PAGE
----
The 14th June 23-24 BRICS summit was attended by leaders of Algeria, Argentina, Egypt, Indonesia, Iran, Kazakhstan, Cambodia, Malaysia, Senegal, Thailand, Uzbekistan, Fiji & Ethiopia. All these nations seek to develop a multipolar order based on principles of equality, justice and respect for each other. They are seeking to protect global trade and finance from barriers and various types of politically motivated restrictions and sanctions. The expansion of the BRICS into the BRCIS+ format will eventually include nations across all of the Global South namely Asia, Africa, Latin America and the Middle East.
The BRICS countries are exploring opportunities to establish a new reserve currency to better serve their economic interests. This is expected to be based on a basket of the currencies of the five-nation bloc. During the 14th BRICS Summit in June, Russian President Vladimir Putin announced that Brazil, Russia, India, China, and South Africa plan to issue a global reserve currency and member states are studying mechanisms to exchange financial information to develop a reliable alternative for international payments. BRICS plans to build a joint financial infrastructure that will enable a reserve currency to be created to reduce reliance on the dollar and euro.
The BRICS+ initiative has grown rapidly during 2022, not least due to the actions of the US and its allies in seeking to exclude Russian Banks and Russia’s central bank from SWIFT. Already this year, approximately 12 nations have applied for membership including Iran, Argentina, and Algeria who have formally applied, while Saudi Arabia, Indonesia and Egypt and other nations are seeking to fast track membership. Other African, Middle Eastern and Asian nations have also actively expressed interest in joining.
The BRICS nations alone account for 40% of the global population, 25% of global GDP, 30% of the global land mass and around 20% of global trade. In the context of the BRICS nations and by extension nations seeking to join the BRICS+ initiative, collectively they possess enormous levels of natural resources, including all fossil fuels, precious metals, rare earths, minerals, hard and soft commodities to include agriculture. When we assess the future expansion of BRICS+ it is likely to control well over half of oil and gas reserves and have a GDP well in excess of the US, whose GDP is massively overstated anyway.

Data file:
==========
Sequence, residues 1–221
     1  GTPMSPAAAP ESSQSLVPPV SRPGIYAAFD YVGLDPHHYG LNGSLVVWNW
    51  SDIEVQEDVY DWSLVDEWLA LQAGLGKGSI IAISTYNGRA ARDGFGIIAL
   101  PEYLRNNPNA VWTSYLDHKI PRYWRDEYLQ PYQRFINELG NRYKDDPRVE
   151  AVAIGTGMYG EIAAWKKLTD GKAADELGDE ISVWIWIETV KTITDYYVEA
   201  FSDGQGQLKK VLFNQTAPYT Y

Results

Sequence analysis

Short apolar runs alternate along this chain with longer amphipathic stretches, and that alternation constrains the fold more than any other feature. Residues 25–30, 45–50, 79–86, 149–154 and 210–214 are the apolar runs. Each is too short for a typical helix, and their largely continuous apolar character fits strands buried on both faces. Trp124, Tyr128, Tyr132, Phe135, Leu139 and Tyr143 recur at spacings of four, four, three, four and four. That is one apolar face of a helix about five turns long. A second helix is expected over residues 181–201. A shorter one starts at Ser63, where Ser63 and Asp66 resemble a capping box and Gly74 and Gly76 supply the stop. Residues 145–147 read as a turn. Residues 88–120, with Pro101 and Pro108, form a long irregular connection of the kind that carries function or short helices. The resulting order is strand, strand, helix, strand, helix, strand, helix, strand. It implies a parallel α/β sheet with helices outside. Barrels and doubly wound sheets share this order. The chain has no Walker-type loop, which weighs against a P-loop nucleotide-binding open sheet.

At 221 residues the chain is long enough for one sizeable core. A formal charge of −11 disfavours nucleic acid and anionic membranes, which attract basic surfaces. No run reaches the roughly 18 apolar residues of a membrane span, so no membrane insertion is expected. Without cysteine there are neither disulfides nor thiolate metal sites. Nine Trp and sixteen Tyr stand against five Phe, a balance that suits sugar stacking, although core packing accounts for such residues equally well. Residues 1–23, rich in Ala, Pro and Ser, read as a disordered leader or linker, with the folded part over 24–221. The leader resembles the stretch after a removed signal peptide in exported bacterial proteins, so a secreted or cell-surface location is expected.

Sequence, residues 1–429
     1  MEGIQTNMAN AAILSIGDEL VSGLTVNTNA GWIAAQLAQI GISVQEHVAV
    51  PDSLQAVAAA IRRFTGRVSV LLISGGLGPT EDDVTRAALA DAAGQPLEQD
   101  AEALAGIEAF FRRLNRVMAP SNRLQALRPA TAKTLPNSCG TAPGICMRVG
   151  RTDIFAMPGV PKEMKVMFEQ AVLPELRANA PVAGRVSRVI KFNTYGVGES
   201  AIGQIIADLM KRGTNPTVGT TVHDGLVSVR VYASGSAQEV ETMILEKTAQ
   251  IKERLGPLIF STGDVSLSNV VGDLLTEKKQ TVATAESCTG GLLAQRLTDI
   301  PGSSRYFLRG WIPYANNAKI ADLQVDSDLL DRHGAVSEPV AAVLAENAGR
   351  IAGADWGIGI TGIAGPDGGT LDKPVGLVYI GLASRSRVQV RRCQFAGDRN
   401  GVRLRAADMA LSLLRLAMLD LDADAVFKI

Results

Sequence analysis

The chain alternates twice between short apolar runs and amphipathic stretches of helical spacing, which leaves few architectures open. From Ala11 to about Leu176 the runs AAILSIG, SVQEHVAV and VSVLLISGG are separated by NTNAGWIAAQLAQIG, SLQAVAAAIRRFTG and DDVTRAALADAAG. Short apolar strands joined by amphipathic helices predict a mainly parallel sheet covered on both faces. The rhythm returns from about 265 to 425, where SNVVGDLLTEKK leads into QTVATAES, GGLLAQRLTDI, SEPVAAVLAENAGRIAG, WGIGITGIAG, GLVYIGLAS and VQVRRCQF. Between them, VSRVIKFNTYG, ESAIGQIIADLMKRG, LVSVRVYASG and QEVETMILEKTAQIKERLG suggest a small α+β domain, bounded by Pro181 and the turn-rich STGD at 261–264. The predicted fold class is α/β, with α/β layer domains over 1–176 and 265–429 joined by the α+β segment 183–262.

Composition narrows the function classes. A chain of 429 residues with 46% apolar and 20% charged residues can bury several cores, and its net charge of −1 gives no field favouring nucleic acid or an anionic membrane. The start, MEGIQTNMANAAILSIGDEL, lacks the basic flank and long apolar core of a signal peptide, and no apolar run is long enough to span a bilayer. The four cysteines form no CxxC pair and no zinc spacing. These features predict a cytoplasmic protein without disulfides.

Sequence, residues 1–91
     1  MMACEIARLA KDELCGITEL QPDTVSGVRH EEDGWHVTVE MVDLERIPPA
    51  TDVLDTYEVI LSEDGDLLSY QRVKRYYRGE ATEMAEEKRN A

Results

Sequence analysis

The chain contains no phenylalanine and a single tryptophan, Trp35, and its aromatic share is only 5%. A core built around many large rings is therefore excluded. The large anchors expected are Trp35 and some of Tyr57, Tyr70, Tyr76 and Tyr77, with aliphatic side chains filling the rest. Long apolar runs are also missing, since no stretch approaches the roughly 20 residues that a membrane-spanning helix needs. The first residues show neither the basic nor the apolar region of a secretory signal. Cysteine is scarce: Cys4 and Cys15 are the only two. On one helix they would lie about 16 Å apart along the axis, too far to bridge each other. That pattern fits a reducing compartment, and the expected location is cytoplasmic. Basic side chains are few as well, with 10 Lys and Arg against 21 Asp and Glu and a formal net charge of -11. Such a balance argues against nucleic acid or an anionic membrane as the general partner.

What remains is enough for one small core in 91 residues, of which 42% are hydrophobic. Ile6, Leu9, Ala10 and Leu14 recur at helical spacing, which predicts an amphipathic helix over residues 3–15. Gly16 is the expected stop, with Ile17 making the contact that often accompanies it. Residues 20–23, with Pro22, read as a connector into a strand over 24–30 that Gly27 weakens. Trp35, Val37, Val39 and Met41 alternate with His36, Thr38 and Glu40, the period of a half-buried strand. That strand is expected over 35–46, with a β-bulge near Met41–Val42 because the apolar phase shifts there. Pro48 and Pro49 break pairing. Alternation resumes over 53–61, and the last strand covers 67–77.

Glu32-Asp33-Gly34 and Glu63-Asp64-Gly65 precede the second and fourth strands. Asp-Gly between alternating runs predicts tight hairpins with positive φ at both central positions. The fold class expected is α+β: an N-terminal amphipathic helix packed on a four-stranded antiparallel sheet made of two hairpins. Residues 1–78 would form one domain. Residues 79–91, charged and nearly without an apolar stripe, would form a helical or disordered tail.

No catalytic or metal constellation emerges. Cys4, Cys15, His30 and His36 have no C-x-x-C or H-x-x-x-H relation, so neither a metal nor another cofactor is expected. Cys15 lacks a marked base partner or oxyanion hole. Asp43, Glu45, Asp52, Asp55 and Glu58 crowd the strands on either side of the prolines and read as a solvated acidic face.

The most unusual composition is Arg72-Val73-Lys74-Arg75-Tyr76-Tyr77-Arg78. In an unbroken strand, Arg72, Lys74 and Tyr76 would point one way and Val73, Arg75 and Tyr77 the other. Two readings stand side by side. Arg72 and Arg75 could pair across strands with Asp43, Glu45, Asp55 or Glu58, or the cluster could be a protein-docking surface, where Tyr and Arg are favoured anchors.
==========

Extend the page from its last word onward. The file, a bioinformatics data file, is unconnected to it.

The plan was always to integrate the original BRICS and BRICS+ format with other multilateral institutions, namely China’s BRI (Belt and Road Initiative), EAEU (Eurasian Economic Union), CSTO (Collective Security Treaty Organisation), SCO (Shanghai Cooperation Organisation), ASEAN (Association of Southeast Asian Nations), RCEP (Regional Comprehensive Economic Partnership, ADC, COMESA and EAC trade blocs making up the AFTZ (Africa Free Trade Zone).
Suddenly the integration of the BRICS New Development Bank (NDB) and Asia Infrastructure Investment Bank (AIIB) with China’s CIPS and Russia’s MIR along with a myriad of other financial institutions in the Global South begins to take on the dimensions of something which will dwarf the existing Western-led international order.